NorthStar Horizon
Announced:November 1977
Price:US $1899 assembled
US $1599 as a kit
CPU:Z-80 @ 4MHz
RAM:16K or more
Interface:video terminal
Expansion:S-100 bus card-cage
Storage:5-1/4 inch floppy drive(s)
holds 90 KB each
Ports:2 serial, 1 parallel
OS:CP/M, NorthStar DOS

Starting out in 1976 as a computer stored called "Kentucky Fried Computers", they had to change their name due to impending litigation from Kentucky Fried Chicken! Their first product was a Floating Point Math Board for S-100 computers.

The board allowed for super fast math operations, up to 50 times faster than without, but only when utilized with the custom version of NorthStar BASIC.

After this, they developed an inexpensive floppy disk system for existing computers, which quickly led to possibly the first computer with built-in floppy drives - the NorthStar Horizon.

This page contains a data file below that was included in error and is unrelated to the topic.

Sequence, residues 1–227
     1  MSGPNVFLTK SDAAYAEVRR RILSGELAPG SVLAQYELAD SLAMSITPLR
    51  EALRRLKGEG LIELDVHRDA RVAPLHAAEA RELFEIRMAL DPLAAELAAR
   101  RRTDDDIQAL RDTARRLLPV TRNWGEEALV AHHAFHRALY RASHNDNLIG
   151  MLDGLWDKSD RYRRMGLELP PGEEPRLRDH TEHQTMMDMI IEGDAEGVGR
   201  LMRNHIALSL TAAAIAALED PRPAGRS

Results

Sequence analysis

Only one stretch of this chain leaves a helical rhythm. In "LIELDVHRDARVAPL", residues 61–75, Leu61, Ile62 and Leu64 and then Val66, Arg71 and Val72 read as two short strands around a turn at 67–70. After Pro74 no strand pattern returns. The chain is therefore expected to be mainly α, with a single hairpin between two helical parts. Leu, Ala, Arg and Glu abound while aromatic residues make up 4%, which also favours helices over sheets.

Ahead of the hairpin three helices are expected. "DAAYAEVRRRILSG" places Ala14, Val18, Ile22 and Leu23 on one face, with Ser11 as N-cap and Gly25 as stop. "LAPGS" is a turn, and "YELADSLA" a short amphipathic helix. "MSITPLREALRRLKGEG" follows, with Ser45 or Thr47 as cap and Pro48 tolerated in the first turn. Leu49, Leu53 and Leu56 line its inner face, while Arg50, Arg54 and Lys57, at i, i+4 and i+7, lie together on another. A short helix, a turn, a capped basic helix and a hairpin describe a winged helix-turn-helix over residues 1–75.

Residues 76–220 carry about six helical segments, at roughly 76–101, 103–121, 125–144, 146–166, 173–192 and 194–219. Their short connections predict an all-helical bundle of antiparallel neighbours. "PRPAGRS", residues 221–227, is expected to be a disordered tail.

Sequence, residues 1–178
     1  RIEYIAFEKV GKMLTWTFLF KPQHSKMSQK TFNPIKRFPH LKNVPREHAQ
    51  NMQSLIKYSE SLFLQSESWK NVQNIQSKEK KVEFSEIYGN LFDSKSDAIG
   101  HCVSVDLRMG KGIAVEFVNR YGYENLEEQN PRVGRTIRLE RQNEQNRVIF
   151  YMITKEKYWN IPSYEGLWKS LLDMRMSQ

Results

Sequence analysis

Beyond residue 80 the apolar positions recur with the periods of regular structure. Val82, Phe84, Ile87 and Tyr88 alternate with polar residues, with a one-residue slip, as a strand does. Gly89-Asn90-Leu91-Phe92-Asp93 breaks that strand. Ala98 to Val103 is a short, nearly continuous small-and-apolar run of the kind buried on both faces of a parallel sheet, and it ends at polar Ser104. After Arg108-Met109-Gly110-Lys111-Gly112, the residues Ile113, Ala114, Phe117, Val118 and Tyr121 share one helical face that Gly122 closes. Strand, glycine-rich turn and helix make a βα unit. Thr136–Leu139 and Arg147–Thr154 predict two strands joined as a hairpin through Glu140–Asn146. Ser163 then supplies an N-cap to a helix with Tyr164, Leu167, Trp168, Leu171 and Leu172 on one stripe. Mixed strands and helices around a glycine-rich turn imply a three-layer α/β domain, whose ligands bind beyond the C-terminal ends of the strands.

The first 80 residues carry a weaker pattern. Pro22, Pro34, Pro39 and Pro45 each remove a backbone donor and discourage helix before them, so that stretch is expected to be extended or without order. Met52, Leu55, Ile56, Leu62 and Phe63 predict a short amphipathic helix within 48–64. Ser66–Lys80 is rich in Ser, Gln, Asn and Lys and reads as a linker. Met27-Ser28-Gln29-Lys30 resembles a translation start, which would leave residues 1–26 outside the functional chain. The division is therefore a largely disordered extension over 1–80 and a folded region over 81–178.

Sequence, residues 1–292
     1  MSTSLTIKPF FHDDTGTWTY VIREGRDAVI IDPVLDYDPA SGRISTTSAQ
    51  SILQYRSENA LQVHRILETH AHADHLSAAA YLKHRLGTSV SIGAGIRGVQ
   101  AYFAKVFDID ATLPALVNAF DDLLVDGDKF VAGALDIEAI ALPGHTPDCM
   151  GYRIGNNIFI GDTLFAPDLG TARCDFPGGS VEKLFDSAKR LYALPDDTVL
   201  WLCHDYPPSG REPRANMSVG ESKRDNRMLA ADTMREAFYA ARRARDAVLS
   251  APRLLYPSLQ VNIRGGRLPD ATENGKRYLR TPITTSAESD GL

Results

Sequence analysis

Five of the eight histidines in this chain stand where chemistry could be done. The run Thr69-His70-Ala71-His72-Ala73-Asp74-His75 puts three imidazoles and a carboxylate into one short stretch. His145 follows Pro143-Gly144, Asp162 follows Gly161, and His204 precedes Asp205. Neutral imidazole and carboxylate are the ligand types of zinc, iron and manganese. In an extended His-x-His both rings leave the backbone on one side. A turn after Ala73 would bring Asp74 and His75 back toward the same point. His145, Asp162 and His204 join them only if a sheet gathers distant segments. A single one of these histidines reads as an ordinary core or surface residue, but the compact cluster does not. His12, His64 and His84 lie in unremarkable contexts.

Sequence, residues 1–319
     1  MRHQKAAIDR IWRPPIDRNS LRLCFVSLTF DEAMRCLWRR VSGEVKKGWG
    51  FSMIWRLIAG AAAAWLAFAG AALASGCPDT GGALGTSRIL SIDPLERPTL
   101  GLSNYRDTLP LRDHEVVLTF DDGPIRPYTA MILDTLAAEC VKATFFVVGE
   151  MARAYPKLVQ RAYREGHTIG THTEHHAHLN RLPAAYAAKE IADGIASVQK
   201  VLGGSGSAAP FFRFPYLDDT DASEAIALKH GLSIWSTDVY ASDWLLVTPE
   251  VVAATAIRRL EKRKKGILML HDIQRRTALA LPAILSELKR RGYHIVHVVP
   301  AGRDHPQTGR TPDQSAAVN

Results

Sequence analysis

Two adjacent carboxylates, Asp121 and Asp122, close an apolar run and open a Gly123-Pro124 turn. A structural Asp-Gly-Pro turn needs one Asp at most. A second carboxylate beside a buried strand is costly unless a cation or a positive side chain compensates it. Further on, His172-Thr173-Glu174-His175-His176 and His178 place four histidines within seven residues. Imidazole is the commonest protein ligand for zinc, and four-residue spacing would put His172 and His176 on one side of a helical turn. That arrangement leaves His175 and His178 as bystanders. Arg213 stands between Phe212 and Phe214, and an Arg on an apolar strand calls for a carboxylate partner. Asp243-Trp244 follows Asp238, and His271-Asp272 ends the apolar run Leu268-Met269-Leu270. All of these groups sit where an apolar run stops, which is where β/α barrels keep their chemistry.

The Horizon is one of just a few computers ever sold with a wooden cabinet!

It is probably a serious fire hazard, and certainly would not pass today's UL equipment safety laws.

Later versions came with an all-metal case.

With 1 floppy drive, the kit cost $1599, while an assembled system cost $1899.
With 2 floppy drives, the kit cost $1999, while an assembled system cost $2349.

With the top removed as seen above, you can see the heavy-duty linear power supply on the right side, as well as the two floppy drives.

On the left is space for 12 S-100 cards to be installed. This particular system is packed with memory - seven 64K RAM cards for a total of 448K RAM!

Unlike most other S-100 based computers, the Horizon is more than just a passive motherboard - it has actual circuitry, eliminating the need for the addition of S-100 cards which would have performed the same functions.

On the back you can see the four connectors on the bottom for the video terminal, the parallel and 2 serial ports.

Above them are 8 other connectors - these are not stock, this systems is configured with eight additional serial ports.

Related Links

  • NorthStar manuals from Harte Technologies
  • Alan Bowker's North Star Computers
  • documentation from Rich's classic computing lab

  • Return to the Obsolete Technology Homepage